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NFTC, U.S. Business Community Leaders Roll Out Effort to Modernize Global Trade Rules on Cross-border Data Flows
Date: 11/3/2011
Written By: Jennifer Cummings, The Fratelli Group for NFTC, (202) 822-9491

Washington DC – The National Foreign Trade Council (NFTC) today released a set of U.S. business community policy priorities for modernizing the international trade rules and practices governing cross-border flows of data and information technologies in conjunction with other leading trade associations and some of the nation's most innovative companies.

"Trade rules were written to ship widgets rather than bytes," said NFTC Vice President Jake Colvin. "The Internet and networked technologies have created new ways of delivering products and services and entire new industries that spur economic growth and create jobs, but which also pose new challenges for the trading system."

Individuals and businesses would benefit from a more consistent and transparent framework for the treatment of cross-border flows of goods, services and information. As the principles note, "Access to computers, servers, routers and mobile devices, services such as cloud computing…and information is vital to the success of billions of individuals, businesses and entire economies. In the United States alone, the goods, services and content flowing through the Internet have been responsible for 15 percent of GDP growth over the past five years."

"Secure and reliable access to the Internet and technologies is essential to creating jobs and economic growth in the 21st Century economy," said Colvin. "It's not just IT companies who rely on cross-border data flows in the digital age. Manufacturers, accountants, universities, labs, NGOs – you name it – depend on digital goods and services. In order to create jobs and permit the digital economy to function and grow, countries need to make sure global trade rules governing information flows are up to date."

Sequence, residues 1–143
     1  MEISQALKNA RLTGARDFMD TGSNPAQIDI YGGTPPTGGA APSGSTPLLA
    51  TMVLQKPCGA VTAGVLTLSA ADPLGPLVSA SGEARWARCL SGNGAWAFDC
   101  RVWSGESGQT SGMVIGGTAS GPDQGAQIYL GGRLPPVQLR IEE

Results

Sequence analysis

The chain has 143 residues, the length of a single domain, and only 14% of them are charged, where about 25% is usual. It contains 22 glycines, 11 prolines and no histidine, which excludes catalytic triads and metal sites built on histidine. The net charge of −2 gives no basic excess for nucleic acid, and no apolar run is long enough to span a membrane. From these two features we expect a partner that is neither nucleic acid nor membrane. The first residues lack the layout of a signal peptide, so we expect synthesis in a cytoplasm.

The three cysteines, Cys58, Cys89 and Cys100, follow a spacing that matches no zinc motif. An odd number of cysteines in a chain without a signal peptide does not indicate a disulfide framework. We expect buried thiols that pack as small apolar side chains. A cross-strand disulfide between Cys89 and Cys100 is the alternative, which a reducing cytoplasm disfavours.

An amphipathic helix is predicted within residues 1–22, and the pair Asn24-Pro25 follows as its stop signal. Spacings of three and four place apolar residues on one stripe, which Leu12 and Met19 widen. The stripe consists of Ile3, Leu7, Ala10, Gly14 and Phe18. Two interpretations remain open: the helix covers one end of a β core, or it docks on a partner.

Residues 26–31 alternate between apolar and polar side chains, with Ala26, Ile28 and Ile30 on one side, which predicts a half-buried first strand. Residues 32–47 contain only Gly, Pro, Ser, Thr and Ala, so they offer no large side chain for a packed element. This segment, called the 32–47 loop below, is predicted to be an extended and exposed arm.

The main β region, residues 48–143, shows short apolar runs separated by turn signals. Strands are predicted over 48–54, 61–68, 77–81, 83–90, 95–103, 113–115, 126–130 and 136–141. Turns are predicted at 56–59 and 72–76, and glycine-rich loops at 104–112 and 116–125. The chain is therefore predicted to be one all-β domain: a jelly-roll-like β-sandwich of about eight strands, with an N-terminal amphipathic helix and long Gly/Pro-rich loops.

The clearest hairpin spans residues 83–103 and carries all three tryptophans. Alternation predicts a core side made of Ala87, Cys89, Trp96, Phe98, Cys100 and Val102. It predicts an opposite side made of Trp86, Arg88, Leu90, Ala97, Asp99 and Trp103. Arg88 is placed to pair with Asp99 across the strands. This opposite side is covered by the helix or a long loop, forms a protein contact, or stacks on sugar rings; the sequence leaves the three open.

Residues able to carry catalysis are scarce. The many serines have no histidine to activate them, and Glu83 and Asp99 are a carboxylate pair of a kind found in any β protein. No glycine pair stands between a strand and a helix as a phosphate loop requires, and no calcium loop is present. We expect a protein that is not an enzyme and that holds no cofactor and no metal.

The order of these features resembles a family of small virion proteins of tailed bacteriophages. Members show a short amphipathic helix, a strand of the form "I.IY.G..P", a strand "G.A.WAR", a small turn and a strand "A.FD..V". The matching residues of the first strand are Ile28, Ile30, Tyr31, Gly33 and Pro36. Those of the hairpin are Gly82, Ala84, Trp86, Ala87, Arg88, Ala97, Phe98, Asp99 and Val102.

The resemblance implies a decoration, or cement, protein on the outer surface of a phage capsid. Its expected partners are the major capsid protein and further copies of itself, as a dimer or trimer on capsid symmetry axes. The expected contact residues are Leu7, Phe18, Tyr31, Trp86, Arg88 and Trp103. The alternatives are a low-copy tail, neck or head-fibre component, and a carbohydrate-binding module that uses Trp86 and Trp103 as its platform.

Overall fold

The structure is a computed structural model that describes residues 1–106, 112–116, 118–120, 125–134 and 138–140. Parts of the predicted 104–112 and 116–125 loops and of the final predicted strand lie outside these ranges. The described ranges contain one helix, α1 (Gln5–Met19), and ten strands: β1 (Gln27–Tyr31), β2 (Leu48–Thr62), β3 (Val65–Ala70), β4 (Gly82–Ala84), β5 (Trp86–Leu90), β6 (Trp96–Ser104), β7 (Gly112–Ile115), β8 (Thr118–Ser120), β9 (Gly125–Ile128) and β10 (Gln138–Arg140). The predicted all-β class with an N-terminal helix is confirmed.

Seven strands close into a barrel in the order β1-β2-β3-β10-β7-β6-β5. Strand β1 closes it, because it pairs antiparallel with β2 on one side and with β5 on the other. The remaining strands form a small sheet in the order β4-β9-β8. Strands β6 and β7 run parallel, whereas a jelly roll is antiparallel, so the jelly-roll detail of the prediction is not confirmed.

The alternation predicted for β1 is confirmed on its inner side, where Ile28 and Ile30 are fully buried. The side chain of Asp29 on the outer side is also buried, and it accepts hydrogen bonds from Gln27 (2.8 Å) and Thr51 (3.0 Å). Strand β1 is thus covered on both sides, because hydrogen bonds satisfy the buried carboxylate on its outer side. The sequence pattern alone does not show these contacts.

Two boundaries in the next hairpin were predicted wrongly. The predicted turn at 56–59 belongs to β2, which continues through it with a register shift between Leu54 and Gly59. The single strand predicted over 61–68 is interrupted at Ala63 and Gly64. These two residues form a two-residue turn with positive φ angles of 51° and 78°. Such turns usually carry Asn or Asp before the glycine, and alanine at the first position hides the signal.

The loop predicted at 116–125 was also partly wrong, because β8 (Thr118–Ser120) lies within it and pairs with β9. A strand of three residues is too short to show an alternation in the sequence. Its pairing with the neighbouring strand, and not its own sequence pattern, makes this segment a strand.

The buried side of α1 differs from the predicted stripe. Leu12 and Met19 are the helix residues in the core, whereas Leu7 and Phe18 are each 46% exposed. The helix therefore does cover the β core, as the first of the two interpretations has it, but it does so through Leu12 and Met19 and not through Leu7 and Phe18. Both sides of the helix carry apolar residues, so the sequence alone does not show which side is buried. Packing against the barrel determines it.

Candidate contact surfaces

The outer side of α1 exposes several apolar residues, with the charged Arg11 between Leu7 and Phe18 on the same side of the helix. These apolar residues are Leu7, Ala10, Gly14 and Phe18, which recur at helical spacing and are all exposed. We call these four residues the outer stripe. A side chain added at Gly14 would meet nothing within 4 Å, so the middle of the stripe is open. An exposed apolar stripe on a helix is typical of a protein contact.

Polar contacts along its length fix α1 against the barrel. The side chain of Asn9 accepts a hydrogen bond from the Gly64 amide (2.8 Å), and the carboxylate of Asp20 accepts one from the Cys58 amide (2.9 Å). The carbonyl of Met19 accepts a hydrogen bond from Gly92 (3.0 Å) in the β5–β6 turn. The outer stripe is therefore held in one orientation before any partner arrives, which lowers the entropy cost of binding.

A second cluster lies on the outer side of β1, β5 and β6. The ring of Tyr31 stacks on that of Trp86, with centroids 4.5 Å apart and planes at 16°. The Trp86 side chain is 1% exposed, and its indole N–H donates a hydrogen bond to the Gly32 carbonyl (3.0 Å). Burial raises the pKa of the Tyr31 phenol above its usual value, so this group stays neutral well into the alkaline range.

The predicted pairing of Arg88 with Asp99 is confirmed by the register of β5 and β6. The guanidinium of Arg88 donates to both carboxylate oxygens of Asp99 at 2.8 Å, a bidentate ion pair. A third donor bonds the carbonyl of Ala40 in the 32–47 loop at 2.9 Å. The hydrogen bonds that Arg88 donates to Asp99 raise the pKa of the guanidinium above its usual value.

The policy priorities were developed by a core group of associations and companies through a process convened under the National Foreign Trade Council. A variety of America's leading companies including Citi, Google, IBM, Mastercard, Microsoft and Visa joined NFTC and other associations including the Business Software Alliance, Coalition of Services Industries, Software & Information Industry Association and U.S. Council for International Business to craft the document.

They write:

"Economies that are open to international trade in information and communication technologies and information grow faster and are more productive than countries which close their borders to them…Studies show that networked technologies –hardware and software linked together via the Internet – contribute significantly more to economic growth than technology products that are not connected. Limiting network access dramatically undermines the economic benefits of technology and can slow growth across entire economies…

"Despite the widespread benefits of cross-border data flows to innovation and economic growth, and due in large part to gaps in global rules and inadequate enforcement of existing commitments, digital protectionism is a growing threat around the world. A number of countries have already enacted or are pursuing restrictive policies governing the provision of digital commercial and financial services, technology products, or the treatment of information to favor domestic interests over international competition….

"…The U.S. Government should seek international commitments on several key objectives, including: prohibiting measures that restrict legitimate cross-border data flows or link commercial benefit to local investment; addressing emerging issues involving the regulation of the digital economy; promoting industry-driven international standards, dialogues and best practices; and expanding trade in digital goods, services and infrastructure."

To read the full text of the policy priorities, click here.

About the NFTC
Advancing Global Commerce for Nearly A Century- The National Foreign Trade Council ( is a leading business organization advocating an open, rules-based global trading system. Founded in 1914 by a broad-based group of American companies, the NFTC now serves hundreds of member companies through its offices in Washington and New York.
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